The Nuremberg Chronicle

The Nuremberg Chronicle
The Nuremberg Chronicle

There are old books, both manuscripts and old incunabula, that are true works of art. Today we want to talk about one of these incunabula books, that is, immediately after the invention of the printing press in 1453. It is known as the Nuremberg Chronicle, which bears the name of precisely the same German city of the inventor of the printing press, Johannes Guttemberg, since he appeared there in the year 1493.


The Seventh Day in the Nuremberg Chronicle

In that city by then there were already several renowned publishers such as Anton Koberger, who was commissioned with the project by the merchant Sebald Schereyer. To these names must be added that of the humanist Harmant Schedel creator of the Latin texts, later translated into German. And we must also mention Wilhelm Pleydenwurff and Michael Wolgemut, the authors of more than 1800 illustrations distributed throughout the 600 pages of the work. This last artist, Wolgemut, is worth knowing, since it was in his workshop in Nuremberg that the great Albert Dürer painted his first works, and it is even not ruled out that he also participated in some of the illustrations in the book.

As we have already said, the story tells us the history of the world. Of course, all this with the religious criteria of the time. Something that is easily verified in the illustration that we include here of the Seventh Day of Creation,where you can see the religious and geocentric conception of the world that was held at that time.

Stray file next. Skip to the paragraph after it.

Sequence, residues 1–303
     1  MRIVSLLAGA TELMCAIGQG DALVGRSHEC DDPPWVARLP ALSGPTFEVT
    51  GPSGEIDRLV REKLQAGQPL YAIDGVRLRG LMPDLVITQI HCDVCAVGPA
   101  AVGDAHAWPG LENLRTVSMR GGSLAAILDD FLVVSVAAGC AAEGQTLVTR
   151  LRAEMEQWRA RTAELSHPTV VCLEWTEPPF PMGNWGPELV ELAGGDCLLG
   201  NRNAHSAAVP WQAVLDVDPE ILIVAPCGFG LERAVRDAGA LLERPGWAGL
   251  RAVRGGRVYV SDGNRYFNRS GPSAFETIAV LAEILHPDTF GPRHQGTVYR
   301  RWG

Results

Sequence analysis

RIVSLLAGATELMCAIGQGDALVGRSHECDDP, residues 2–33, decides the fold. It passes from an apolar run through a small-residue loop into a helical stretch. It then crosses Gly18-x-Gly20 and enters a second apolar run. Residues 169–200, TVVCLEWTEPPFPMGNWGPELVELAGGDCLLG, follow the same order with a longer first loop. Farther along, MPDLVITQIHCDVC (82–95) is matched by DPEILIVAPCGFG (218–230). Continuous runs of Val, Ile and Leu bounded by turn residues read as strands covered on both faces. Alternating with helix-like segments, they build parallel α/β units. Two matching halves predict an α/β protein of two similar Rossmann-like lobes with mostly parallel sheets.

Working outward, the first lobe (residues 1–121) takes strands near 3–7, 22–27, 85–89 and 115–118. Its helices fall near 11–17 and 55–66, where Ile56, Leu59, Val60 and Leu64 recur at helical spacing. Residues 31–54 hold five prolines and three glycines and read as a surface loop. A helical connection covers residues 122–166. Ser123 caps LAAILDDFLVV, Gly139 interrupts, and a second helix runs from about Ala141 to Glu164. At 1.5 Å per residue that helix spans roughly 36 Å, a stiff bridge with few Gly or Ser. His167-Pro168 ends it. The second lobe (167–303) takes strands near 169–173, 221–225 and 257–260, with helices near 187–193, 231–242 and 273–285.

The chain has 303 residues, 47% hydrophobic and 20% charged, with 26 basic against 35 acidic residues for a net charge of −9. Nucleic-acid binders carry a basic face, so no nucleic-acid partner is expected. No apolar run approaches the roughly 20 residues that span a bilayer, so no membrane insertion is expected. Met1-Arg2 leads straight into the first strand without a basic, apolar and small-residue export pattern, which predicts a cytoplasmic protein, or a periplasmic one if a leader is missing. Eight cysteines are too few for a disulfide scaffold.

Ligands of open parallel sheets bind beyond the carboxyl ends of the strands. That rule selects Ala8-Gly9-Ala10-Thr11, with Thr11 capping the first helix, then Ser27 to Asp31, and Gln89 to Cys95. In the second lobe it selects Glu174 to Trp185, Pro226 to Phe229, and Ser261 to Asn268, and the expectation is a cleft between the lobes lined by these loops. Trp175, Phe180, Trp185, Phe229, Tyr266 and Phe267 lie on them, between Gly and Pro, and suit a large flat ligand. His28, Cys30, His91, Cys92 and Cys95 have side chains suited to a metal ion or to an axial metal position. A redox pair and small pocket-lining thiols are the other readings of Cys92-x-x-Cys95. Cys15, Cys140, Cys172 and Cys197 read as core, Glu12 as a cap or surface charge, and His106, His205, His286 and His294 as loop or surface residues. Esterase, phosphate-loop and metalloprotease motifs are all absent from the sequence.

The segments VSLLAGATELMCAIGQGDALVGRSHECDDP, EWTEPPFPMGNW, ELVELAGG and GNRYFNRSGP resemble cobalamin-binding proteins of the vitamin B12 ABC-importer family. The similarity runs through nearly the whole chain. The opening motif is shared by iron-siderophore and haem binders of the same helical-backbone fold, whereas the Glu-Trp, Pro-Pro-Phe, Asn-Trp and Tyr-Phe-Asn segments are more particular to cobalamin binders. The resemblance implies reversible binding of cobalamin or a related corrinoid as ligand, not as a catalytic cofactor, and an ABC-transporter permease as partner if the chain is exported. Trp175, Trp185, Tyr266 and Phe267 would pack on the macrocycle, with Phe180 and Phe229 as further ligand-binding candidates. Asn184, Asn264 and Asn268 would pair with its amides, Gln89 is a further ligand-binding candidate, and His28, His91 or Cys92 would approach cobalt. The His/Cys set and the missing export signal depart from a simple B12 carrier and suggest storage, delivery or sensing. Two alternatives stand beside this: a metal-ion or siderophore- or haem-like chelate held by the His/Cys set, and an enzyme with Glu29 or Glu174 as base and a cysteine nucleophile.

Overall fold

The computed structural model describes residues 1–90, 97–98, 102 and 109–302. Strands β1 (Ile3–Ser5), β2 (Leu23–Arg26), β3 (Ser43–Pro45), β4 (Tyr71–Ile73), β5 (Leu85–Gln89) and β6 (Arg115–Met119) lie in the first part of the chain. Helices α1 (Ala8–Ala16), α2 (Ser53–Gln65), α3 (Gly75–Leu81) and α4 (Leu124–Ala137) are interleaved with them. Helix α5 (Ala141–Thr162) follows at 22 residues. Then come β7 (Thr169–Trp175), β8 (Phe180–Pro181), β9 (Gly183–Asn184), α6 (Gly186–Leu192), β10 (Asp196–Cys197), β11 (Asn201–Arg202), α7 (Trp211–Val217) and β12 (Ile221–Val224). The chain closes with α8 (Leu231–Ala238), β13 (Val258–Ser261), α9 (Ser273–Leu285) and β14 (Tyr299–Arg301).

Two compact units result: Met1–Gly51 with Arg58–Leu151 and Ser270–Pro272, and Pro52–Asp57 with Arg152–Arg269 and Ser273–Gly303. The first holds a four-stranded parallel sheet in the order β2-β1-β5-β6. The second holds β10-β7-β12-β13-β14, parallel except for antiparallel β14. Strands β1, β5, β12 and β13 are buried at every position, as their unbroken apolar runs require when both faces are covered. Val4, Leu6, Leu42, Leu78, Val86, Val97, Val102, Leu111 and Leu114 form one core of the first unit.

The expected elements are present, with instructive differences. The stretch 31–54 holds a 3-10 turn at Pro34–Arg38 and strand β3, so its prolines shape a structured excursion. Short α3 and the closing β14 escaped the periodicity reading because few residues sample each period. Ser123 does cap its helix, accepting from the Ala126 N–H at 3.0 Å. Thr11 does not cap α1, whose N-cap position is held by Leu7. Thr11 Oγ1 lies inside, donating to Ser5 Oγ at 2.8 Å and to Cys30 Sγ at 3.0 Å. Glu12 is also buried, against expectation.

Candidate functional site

To verify the religious conception of the book, it is enough to see that the whole story is divided into seven chapters that are:

– From Creation to the Universal Flood

– From Noah to the birth of Abraham

– From Abraham to the reign of King David

– From David to exile in Babylon

– From Babylon to the birth of Christ

– From the birth of Christ to 1490

– View of the end of the world and the Last Judgment

In short, there are many religious images that are seen in the book, but there are also several views of cities, which are represented as they were at the end of the 15th century. There are several German cities, including Nuremberg itself, but we also see other Polish ones, or there's Prague, Jerusalemand several of Italy.


Florence in the Nuremberg Chronicle

Among them the city of Florence, the great mecca of the Renaissance in those same years. And the truth is that it looks very similar to what it would have and its most emblematic monuments are easily identified, such as the Duomo de Santa María de las Flores with its great dome and the Campanile de Giotto, so it is clear that whoever painted the image had possibly traveled to the transalpine country.

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